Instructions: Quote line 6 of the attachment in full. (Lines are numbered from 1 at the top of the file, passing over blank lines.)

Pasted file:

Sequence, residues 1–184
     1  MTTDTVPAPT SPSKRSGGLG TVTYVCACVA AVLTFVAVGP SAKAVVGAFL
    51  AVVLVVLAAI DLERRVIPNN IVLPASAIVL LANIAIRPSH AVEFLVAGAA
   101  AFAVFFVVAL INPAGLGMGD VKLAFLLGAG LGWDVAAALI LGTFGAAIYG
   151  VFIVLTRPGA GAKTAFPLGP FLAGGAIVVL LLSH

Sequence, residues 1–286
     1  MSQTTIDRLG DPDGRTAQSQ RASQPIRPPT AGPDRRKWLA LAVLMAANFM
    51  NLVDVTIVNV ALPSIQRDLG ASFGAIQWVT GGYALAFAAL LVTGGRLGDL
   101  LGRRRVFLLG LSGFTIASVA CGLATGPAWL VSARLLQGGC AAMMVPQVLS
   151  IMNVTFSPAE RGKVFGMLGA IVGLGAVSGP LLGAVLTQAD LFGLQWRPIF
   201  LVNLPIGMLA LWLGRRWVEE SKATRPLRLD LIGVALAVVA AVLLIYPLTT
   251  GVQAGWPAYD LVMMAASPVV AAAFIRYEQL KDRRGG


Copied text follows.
Sequence, residues 1–286